Today I want to talk of Lardo di Colonnata and its manufacture.
The characteristic feature of Lardo s the particular form of processing and conserving pig fat, seasoned in marble vessels.
The area of production of “Lardo” is represented exclusively by Colonnata, mountain-hills of the municipality of Carrara, province of Massa Carrara.
The Lardo is obtained by corresponding cuts of meat from the fat layer
covering the back of the occipital region to the rump and round to the belly
The ingredients are: natural sea salt, ground black pepper, fresh rosemary, peeled and coarsely diced garlic.
The processing of lardo is seasonal, it takes place from September to May of each year.
The fat must be fresh, within 72 hours of slaughter: is trimmed, coated with salt and then placed in special marble basins, known locally as basins, have previously been rubbed with garlic, alternating layers of lardo with other ingredients to the filling of the container; then the basin is covered.
The basins are containers of white marble in the shape of a bathtub.
The lardo must mature in the basins for a period not less than six months, in premises with little ventilation and no artificial air-conditioning.
Lardo can be eaten in thin slices of toasted bread on which melts by the heat of the slice of bread; but also on grilled vegetables. If you want you can add a drop of honey to create a nice contrast of sweet and salty
Black rooster is the symbol of Chianti league and it is known all over the world but there is a less known aspect tied to this symbol, especially a legend of medieval origins.
The legend recounts that in the Middle Ages, when therepublics of Florence and Siena were fiercely battling for dominion, the territory of Chianti, lying between the two cities, was fought over almost continuously. To end the dispute and establish a definitive border a bizarre method was devised. It was agreed that two knights would set forth from their respective cities and establish the border where they met. Departure was to be at dawn and the starting signal given by cock’s crow.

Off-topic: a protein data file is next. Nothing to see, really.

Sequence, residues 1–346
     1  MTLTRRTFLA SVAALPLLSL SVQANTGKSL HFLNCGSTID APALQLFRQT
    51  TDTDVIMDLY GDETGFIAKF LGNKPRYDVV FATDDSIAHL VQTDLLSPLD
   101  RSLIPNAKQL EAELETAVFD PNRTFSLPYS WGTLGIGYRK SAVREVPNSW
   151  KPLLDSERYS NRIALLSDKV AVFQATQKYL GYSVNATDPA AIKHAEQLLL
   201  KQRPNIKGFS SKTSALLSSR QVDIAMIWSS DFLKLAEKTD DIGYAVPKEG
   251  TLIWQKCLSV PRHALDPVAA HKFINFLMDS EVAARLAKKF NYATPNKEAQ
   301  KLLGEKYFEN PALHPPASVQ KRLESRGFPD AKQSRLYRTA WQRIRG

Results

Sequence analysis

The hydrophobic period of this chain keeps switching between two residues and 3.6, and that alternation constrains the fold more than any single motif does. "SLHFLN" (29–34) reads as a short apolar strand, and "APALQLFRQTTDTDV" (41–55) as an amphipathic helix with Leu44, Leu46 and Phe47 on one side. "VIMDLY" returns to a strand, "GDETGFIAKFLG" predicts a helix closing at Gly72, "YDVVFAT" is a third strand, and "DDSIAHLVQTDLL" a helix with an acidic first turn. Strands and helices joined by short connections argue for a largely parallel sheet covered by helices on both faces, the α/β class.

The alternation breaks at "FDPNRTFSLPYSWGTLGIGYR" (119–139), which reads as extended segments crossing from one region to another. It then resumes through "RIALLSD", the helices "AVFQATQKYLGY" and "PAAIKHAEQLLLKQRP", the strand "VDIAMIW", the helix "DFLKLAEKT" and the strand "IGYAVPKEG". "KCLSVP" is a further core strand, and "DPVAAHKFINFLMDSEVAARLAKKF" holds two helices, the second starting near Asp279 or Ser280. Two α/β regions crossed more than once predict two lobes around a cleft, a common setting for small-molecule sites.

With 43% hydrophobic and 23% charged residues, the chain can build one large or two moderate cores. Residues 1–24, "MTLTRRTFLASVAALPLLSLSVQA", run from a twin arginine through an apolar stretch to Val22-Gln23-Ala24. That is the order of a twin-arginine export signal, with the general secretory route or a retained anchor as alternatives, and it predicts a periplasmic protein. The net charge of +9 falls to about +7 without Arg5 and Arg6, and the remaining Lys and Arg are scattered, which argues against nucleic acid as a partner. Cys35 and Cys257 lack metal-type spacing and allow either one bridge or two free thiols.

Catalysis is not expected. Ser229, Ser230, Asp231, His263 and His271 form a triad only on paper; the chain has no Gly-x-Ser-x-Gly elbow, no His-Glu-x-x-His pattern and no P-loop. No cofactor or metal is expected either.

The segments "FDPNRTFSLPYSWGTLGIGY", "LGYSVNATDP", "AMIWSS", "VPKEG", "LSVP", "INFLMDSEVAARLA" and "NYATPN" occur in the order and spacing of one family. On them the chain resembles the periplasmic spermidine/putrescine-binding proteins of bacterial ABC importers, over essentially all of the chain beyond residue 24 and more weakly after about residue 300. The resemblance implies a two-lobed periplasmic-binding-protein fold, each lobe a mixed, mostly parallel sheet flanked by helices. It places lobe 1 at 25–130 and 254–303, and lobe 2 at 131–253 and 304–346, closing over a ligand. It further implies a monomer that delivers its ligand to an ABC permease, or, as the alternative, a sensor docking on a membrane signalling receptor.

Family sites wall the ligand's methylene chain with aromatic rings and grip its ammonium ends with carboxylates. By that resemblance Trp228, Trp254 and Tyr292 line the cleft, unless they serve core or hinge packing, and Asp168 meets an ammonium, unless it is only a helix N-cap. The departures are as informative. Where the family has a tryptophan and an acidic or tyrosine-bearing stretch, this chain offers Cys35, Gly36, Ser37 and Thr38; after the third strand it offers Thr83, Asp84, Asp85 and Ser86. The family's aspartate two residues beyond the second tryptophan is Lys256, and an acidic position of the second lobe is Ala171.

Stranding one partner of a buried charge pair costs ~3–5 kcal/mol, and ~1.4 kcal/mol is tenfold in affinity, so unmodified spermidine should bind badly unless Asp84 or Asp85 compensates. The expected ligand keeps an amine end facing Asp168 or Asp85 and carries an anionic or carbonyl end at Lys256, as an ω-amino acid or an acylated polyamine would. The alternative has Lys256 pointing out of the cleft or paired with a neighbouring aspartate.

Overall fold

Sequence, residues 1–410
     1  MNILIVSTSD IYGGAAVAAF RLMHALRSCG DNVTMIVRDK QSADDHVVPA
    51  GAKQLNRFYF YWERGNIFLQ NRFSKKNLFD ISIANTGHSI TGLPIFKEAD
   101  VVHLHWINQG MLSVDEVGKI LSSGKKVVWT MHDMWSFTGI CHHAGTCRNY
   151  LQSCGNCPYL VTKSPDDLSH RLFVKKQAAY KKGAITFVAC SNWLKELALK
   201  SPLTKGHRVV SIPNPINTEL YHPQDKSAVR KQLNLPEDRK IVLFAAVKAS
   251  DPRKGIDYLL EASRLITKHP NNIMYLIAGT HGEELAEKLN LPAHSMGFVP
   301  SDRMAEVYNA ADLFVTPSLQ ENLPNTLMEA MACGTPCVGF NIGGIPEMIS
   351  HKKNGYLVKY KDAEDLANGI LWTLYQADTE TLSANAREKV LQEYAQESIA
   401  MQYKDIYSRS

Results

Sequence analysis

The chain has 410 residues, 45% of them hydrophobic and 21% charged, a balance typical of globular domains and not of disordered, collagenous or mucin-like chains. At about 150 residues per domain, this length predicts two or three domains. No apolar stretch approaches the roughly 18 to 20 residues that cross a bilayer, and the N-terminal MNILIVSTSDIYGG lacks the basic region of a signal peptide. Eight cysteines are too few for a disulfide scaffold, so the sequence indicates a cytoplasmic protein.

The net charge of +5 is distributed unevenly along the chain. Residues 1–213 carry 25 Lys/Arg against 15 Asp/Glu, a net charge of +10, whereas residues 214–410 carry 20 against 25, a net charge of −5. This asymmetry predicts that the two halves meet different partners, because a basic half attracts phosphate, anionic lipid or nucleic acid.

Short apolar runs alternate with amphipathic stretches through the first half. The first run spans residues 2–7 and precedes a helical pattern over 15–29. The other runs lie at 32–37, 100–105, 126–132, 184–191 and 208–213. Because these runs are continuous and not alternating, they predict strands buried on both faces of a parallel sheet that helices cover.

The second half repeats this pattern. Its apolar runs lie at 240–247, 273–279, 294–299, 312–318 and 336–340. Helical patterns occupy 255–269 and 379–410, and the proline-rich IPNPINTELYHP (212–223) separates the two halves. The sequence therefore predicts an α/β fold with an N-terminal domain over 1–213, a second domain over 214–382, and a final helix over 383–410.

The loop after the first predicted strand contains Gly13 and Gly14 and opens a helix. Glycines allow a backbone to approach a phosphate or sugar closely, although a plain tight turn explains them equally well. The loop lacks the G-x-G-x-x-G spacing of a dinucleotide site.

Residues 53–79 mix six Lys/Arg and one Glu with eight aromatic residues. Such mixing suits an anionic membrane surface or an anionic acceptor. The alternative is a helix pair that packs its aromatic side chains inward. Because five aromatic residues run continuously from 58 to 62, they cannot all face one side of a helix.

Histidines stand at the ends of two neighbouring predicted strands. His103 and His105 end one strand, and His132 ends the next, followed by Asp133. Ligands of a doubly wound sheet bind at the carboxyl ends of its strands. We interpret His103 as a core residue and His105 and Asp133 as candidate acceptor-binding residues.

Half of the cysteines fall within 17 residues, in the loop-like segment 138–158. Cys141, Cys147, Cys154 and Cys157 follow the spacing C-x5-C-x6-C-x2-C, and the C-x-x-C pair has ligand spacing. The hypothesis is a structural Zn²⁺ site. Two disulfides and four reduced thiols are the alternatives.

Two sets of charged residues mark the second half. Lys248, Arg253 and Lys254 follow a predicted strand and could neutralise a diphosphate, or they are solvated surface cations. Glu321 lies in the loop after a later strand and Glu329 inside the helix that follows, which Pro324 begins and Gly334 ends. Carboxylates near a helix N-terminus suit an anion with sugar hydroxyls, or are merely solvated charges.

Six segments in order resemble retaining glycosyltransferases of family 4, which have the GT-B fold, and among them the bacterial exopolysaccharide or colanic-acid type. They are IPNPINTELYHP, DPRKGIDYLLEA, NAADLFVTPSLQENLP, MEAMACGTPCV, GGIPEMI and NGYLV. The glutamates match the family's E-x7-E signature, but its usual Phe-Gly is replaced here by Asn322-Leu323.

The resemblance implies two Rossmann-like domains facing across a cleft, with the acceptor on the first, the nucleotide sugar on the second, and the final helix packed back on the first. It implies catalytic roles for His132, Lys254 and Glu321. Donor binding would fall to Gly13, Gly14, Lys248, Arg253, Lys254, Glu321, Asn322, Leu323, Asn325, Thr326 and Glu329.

So the choice of rooster would be more decisive to event preparation than either knight or steed. The Sienese chose a white one, the Florentines a black, which they pent up in a small, dark sty and deprived of food for so many days that it was practically frantic.
On the fateful day of departure, as soon as it was released from its prison the black rooster began to crow, although it was far from dawn. Its crowing allowed the Florentine rider to depart immediately, with a great advantage over the Sienese who had to wait for daybreak for his rooster to crow on time, signaling his own departure. But since his rival had started out so much earlier, the Sienese knight rode only twelve kilometers before encountering the Florentine knight at Fonterutoli. It was thus that almost all of Chianti came under the control of the Florentine republic.
It’s truly a beautiful legend to tell